By: Bruce Buchanan, Sebelist Buchanan Law

Since few employers have enrolled in IMAGE ("ICE Mutual Agreement between Government and Employer"), a voluntary program established in 2006 that allows private industry to partner with Immigration & Customs Enforcement (ICE) to reduce unauthorized employment, ICE is sponsoring a training session related to IMAGE, I-9 form and E-Verify.

In its email inviting the public to this training session on May 1, 2019 in Winter Haven, Florida, ICE lists the following topics:

• IMAGE program;
• Form I-9 training;
• How to establish an immigration compliance program;
• Proper hiring procedures;
• Detecting fraudulent documents;
• Use of E-Verify (USCIS guest speaker); and
• Anti-discrimination procedures (U.S. Department of Justice guest speaker).

I attended one of these programs in Atlanta in 2014 and found it to be helpful in getting into the mindset of ICE.

Employers seeking certification in IMAGE must agree to:
  • Complete the IMAGE Self-Assessment Questionnaire (Application);
  • Enroll in the E-Verify program within 60 days;
  • Establish a written hiring and employment eligibility verification policy that includes an internal Form I-9 audit at least once a year;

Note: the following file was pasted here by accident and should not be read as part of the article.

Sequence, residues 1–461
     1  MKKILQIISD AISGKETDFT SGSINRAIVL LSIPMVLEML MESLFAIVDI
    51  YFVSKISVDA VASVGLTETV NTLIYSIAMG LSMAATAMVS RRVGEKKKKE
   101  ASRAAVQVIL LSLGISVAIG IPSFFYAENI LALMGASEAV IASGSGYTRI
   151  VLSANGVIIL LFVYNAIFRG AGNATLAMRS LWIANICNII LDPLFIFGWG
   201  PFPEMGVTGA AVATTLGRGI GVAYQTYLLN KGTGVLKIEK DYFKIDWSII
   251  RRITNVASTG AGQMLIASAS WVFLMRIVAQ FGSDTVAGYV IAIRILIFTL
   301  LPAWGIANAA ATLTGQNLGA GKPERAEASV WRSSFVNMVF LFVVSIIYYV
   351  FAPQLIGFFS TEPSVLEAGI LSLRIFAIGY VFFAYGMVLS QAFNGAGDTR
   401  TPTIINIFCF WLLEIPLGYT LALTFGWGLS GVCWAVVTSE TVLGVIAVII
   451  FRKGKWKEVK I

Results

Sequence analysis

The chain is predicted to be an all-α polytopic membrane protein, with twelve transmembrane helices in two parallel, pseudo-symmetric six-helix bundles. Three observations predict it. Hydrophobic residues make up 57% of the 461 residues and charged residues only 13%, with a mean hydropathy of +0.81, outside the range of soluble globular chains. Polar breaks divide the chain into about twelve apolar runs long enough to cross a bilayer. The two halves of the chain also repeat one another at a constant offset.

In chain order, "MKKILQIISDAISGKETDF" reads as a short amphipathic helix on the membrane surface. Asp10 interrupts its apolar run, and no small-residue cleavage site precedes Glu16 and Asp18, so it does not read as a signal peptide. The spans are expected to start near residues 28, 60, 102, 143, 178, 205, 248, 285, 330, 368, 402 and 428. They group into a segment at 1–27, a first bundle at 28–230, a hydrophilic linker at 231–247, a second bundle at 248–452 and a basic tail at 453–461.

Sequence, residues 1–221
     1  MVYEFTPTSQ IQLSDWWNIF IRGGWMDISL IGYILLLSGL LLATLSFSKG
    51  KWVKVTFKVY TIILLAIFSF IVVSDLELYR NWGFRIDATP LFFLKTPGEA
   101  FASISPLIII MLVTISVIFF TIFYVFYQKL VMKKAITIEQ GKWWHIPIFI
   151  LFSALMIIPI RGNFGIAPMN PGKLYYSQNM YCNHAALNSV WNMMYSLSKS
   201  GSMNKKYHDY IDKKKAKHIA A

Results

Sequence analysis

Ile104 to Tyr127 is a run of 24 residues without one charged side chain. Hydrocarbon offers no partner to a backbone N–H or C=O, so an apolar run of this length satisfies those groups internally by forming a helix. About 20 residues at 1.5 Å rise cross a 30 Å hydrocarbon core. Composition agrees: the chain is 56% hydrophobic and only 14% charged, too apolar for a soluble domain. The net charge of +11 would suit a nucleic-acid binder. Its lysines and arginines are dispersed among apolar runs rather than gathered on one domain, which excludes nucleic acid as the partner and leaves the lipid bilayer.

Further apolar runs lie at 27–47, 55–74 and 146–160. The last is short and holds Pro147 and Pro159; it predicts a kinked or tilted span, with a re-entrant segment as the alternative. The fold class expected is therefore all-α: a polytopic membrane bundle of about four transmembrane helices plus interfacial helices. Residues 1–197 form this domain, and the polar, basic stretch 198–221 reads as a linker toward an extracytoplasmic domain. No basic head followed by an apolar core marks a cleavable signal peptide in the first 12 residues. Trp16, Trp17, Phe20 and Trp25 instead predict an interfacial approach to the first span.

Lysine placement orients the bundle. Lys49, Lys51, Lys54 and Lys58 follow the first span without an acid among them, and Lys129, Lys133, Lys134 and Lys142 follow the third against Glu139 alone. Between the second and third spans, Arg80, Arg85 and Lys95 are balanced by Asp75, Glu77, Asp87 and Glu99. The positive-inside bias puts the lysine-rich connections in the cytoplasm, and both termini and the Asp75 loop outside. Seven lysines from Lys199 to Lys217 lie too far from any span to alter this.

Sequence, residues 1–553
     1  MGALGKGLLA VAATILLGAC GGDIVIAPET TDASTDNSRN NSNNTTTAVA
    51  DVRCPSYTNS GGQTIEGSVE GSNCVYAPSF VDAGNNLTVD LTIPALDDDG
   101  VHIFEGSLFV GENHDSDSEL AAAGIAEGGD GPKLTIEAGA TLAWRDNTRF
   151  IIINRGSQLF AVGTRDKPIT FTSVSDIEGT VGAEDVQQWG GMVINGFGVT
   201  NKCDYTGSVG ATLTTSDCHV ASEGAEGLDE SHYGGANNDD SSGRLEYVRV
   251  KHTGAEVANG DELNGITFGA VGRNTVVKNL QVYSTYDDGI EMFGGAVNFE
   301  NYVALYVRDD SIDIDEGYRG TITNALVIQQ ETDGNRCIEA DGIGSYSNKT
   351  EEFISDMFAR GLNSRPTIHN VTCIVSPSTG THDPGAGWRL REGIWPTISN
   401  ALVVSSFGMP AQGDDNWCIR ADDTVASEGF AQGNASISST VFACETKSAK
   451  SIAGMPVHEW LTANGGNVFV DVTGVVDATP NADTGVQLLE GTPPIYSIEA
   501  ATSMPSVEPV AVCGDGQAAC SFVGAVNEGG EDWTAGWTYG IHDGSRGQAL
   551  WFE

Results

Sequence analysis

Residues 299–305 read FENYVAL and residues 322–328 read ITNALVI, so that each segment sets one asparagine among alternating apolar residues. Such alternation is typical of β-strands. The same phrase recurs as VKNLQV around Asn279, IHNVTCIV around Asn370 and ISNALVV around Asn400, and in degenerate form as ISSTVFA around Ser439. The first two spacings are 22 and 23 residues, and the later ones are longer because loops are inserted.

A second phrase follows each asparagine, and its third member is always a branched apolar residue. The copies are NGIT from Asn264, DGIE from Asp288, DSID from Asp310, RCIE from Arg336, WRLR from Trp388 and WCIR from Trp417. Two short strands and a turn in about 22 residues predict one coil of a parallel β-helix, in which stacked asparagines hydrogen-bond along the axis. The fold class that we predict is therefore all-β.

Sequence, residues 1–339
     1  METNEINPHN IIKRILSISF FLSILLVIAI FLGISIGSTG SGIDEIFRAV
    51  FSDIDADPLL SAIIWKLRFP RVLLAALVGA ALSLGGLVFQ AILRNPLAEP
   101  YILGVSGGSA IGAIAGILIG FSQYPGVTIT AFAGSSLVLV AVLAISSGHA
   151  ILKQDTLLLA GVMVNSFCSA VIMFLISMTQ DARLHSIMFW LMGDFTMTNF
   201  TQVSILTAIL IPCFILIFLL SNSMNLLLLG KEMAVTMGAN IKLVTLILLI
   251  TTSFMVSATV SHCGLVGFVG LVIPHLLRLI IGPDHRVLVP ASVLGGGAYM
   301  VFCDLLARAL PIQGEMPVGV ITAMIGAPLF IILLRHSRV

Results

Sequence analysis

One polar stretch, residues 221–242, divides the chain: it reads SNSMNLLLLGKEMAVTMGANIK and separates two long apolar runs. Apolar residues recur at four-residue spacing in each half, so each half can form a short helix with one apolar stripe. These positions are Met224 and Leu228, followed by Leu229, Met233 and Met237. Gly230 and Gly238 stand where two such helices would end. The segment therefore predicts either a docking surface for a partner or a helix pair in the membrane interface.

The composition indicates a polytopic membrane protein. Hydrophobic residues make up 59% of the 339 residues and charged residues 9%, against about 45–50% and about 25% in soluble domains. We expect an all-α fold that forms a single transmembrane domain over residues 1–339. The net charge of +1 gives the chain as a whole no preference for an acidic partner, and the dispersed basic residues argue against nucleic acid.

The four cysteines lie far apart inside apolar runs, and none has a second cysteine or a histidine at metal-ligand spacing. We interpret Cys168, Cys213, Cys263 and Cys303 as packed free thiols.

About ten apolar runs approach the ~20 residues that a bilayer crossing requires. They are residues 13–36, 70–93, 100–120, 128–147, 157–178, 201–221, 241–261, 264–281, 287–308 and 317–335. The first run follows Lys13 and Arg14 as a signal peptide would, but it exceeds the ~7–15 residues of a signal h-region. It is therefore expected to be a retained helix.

• Submit to an I-9 Inspection;
  • Review and sign an official IMAGE partnership agreement with ICE.
Upon enrollment and commitment to DHS' best employment practices, program participants will be deemed "IMAGE Certified" – a distinction DHS believes will become an industry standard.

Among immigration compliance attorneys, IMAGE is normally frowned upon to voluntarily enter because of the necessity of undergoing an ICE I-9 audit. However, ICE has made some improvements in IMAGE from when it began, such as ICE waiving potential fines if substantive violations are discovered on fewer than 50% of the required I-9 forms; and if over 50% of the I-9 forms have substantive errors, ICE will mitigate the fines to the statutory minimum of $110 per violation. A top ICE official stated at a 2014 ICE seminar in Atlanta, ICE has not fined any employer with more than 50% error rate even though it has the authority. As the ICE official stated, no employers would enroll in IMAGE if they knew they were going to be fined.

Each employer, with the advice of immigration compliance counsel, needs to make their own decision as to whether to enroll in IMAGE. Many of its aspects may be incorporated in an Immigration Compliance policy - use of E-Verify, conduct an annual internal audit, establish an I-9 Compliance policy, train personnel on the correct procedures, not engage in citizenship status or national origin discrimination, and maintain copies of documents supplied for employment authorization.

The major drawback to IMAGE is granting ICE access to your facility to conduct an I-9 audit. As one ICE official stated, their agency is there to help employers. However, it reminds me of the old saying, “I’m with the government and I’m here to help you.”

If you want to know more information on IMAGE or issues involving employer immigration compliance, I recommend you read The I-9 and E-Verify Handbook, a book I co-authored with Greg Siskind, and available at